PITTSBURGH (AP) When Darrius Heyward-Bey heard about Martavis Bryant's one-year suspension for violating the NFL's substance abuse policy, the elder statesmen among the Pittsburgh Steelers wide receivers sent his talented but erratic teammate a note.
''I told him we have his back,'' Heyward-Bey said. ''I told him we can't wait to see him in 2017.''
The Steelers will have to navigate through 2016 first, and do it without the player most capable of providing the big-play yin to All-Pro Antonio Brown's relentless yang.
The 6-foot-4 Bryant scored 14 touchdowns in 21 games, his physicality and speed a difficult matchup for any defense that placed too much attention on the slippery Brown.
And now he's gone, off trying to get his life back together after a second violation in less than a year.
''He was a big weapon for us, obviously,'' quarterback Ben Roethlisberger said. ''One of the best and had a chance to be one of the best in the NFL. He was growing and was getting better.
''It hurts. It's unfortunate and it disappointed all of us, especially a guy I felt I was getting really close to and reached out to a lot when it came to his off-the-field stuff his first time around. So, very disappointing and we will miss him.''
Yet the Steelers didn't panic when his discipline was announced in March. They opted not to go out and spend a high draft pick trying to find a capable replacement, confident they already had one in place in a group that includes Markus Wheaton, Sammie Coates and Heyward-Bey.
''We lost a player,'' Coates said. ''We all have to pick up the slack. Everybody has to work together and get it done.''
In a way, Pittsburgh already has plenty of practice. Bryant sat out the first six games of his rookie season in 2014 trying to get adjusted to life in the NFL and missed the first five games of 2015 while serving a four-game suspension and missing another one with an injury.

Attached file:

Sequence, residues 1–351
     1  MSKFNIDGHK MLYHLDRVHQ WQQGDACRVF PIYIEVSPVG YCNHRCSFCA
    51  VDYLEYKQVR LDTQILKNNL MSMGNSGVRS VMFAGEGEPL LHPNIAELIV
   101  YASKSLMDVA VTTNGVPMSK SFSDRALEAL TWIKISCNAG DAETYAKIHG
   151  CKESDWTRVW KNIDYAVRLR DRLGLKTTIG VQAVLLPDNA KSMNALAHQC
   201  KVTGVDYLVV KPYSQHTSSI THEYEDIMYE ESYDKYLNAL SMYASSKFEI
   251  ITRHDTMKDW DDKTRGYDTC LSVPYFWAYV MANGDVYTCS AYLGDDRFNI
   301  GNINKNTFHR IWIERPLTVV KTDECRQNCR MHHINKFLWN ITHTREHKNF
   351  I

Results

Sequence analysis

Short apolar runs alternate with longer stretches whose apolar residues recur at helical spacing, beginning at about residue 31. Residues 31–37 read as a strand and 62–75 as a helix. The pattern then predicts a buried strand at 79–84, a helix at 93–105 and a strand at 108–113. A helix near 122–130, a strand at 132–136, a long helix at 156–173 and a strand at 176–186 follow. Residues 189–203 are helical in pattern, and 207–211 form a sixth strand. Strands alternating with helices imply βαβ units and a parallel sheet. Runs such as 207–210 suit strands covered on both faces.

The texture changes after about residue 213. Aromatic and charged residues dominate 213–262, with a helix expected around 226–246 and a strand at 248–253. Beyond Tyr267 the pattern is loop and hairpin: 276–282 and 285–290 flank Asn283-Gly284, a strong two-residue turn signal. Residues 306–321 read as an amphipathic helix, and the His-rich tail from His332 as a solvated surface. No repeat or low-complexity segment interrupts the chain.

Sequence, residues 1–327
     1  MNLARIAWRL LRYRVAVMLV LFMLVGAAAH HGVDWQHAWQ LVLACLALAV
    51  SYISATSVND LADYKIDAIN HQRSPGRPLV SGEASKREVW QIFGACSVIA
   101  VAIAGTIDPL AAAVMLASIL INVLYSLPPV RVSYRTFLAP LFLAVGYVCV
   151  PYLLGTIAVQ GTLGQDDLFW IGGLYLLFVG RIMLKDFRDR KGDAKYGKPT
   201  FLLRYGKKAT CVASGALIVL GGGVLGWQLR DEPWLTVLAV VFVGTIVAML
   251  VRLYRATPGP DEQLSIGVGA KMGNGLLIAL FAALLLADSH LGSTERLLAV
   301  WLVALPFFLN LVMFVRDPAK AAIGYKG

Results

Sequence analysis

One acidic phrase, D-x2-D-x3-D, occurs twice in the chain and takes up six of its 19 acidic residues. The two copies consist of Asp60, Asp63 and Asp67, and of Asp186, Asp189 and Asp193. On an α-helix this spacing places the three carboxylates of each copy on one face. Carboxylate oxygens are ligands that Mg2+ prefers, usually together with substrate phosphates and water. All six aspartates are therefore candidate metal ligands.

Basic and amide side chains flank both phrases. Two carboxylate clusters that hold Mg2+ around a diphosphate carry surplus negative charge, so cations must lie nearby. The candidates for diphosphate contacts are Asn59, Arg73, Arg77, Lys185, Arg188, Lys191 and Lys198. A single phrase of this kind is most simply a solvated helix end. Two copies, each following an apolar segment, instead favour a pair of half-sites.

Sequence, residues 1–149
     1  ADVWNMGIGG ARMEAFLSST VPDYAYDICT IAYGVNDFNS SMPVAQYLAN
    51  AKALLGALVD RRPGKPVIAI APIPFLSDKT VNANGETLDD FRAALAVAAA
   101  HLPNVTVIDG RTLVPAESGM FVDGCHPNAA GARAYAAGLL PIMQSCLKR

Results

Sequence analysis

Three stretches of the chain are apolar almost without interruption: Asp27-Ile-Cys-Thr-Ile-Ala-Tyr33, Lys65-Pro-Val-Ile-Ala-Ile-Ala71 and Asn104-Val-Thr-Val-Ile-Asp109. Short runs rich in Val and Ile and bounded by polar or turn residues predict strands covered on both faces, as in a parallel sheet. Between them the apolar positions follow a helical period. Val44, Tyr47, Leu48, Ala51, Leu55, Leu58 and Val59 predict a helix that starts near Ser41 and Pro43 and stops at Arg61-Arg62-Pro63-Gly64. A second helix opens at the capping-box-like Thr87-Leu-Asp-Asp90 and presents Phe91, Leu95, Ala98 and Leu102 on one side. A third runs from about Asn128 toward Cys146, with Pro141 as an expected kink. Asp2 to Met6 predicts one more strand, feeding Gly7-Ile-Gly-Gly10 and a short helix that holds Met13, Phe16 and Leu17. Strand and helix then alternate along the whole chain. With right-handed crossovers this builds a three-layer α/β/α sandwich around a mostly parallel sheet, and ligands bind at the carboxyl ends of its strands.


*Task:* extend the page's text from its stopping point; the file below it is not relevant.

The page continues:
The Steelers went 3-2 in that stretch, which included being forced to turn to Michael Vick and Landry Jones after Roethlisberger sprained his left knee in Week 3 against St. Louis.
''We had an opportunity to see guys who were capable of coming in and producing,'' Heyward-Bey said on Wednesday. ''It's the same way now. We've got some young guys in OTAs who may be able to help us in the fall.''
Pittsburgh took a flier on Demarcus Ayers in the seventh round, though his best chance at making the team is as a kick returner. The Steelers signed tight end Ladarius Green from San Diego and tasked him with replacing retired Heath Miller.
Green's size and quickness give Pittsburgh another added dimension, though the best chance at replicating Bryant's game-breaking ability may be Coates.
Taken in the third round in 2015, Coates' first season was bumpy at best. He only suited up seven times during the regular season over concerns about his conditioning and caught all of one pass.
He provided a glimpse of his potential, however, while getting extended playing time in the divisional round of the playoffs against Denver while Brown dealt with a concussion.
Coates hauled in two passes against the NFL's best defense, including an electric 37-yard catch-and-run.
''I built confidence the whole season, going through practices and working hard every day,'' Coates said. ''I really didn't have that build of confidence, because I gained it every day through the season. When the playoff game came, I had to step up and show that I was capable.''
The key for Coates will be carrying that momentum forward. He overhauled his offseason training regiment, running into Heyward-Bey frequently at the team facility over the winter and early spring. His development could be critical as Pittsburgh forges ahead - for now - without Bryant.
''I think he would help us,'' Roethlisberger said. ''But I absolutely think we can be as dynamic.''
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